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New Mexico Social Studies Curriculum a Peek Into a Orwellian Future

December 19, 2017

“vulnerable,” “diversity,” “entitlement,” “transgender,” “fetus,” “evidence-based,” and “science-based.”

This past weekend there was a lot of uproar in the press and on social media over the Trump Administration’s edict that the Center for Disease Control ban the use of the seven words listed above. At the same time as this rule was promulgated, the state of New Mexico sanitized its social studies curriculum by making the following changes:

…erased the names of key civil rights leaders, such as Rosa Parks and Malcolm X.

…erased the end of slavery as a result of the Industrial Revolution

…erased key Supreme Court decisions like Roe vs. Wade, which affects the lives of all women in our nation.

…erased key historical actors and factors that are essential to understanding the development of the U.S. economy and industry, and the expansion of our political system and democracy to become more inclusive of working-class men and women, and racial and ethnic minorities.

But social studies was not the only area where crucially information is no longer taught. Several key topics in the curriculum blueprints for the health course were “erased”: nutrition, alcohol, selection of healthy food choices, healthy versus unhealthy relationships, the importance of health screenings, and emotional and physical changes in puberty.

These changes were brought to my attention in retired professor Lois Rudnik’s op ed article from the Santa Fe New Mexican… changes, among others, that led her to pose these questions:

For New Mexico history: Is it possible that we can educate “successful and responsible citizens” without their learning about the role of the federal government in creating and maintaining military bases and national laboratories in our state? Can they become effective citizens without learning how a bill becomes a law; about executive officers and their respective powers, or about the impeachment process?

For U.S. history: Is it possible that we can “prepare students to succeed in a diverse and increasingly complex world,” without their learning about the formation of trusts and trust busting? The racial and ethnic conflicts that resulted from the growth of cities in the 20th century? The changes in U.S. foreign policy from isolationism to interventionism? The League of Nations? The role of credit in the onset of the Great Depression? The dropping of the atomic bombs on Japan?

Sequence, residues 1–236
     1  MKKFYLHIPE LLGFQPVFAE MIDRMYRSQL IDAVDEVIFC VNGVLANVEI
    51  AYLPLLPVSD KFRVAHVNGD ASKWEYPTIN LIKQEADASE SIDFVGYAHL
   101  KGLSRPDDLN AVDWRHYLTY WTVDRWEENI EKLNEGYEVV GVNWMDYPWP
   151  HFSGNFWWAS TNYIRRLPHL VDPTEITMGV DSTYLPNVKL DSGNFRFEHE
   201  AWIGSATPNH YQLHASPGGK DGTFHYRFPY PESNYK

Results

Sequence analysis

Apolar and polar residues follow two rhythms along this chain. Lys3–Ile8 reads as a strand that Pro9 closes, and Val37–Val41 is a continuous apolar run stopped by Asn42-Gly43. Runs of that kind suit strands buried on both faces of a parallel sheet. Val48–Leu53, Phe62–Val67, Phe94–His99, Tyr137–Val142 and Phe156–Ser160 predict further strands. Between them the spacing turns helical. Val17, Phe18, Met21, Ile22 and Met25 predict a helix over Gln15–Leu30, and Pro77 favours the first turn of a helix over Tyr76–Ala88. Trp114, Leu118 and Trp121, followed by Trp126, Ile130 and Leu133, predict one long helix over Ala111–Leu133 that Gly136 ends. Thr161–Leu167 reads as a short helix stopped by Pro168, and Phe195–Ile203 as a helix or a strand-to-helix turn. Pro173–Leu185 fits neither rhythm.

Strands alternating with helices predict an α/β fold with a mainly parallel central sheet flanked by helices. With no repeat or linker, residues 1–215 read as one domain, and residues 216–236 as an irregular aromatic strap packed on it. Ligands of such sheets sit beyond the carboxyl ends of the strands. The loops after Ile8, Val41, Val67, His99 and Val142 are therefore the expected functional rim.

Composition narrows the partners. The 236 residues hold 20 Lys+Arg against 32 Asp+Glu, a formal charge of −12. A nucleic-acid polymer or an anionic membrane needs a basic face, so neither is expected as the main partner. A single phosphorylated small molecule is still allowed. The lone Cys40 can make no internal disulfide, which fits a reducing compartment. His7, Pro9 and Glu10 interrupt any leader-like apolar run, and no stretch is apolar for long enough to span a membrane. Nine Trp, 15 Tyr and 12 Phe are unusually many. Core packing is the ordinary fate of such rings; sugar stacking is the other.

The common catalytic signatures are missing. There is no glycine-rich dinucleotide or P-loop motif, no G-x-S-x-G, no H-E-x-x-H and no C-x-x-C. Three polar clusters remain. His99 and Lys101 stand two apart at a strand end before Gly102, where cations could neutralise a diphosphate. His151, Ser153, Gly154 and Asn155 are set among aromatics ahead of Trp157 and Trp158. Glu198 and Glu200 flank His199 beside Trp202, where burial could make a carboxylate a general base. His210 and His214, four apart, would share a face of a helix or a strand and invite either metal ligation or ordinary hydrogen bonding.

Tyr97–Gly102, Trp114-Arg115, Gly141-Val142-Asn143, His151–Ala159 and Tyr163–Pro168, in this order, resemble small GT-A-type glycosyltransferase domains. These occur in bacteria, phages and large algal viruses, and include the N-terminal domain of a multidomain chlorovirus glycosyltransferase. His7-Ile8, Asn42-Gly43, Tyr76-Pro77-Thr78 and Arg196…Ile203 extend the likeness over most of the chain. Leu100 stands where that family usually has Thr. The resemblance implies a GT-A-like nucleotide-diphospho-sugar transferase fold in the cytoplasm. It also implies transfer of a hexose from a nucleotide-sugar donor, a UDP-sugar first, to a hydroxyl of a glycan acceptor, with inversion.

The deeper question is: Why would any legislature wanting to ensure the perpetuation of a highly functioning democracy eliminate these items from their social studies curriculum? And the items omitted from the health topics raise another deeper question: Why would any legislature that wants to promote the health and well being of children and adults eliminate these items from their health curriculum?

The only answer I can come up with to those two questions is this: one political party is so intent on demonstrating the ineffectiveness of public schools and government itself that it is willing to topple democracy and its underlying support system: public education.

New Mexico recently went through a battle over changes to the science curriculum when the powers that be tried to eliminate references to evolution, global warming, and the age of the Earth. At that juncture the public protested to the extent that these were put back in place. Ms. Rudnick is hoping the same thing happens this time around with social studies and health:

When (Matt) Montaño (NM’s director of educator effectiveness and development) was asked if the test subjects that have been eliminated could be restored, he said, “Yes, of course.” But he didn’t say that they would be. They haven’t been. And without intense public scrutiny and pressure— the kind that resulted in the restoration of the science standards — they won’t be.

There is a lot to pay attention to in this day and age of redefining reality… Here’s hoping the citizens, teachers, and health professionals in New Mexico push back!

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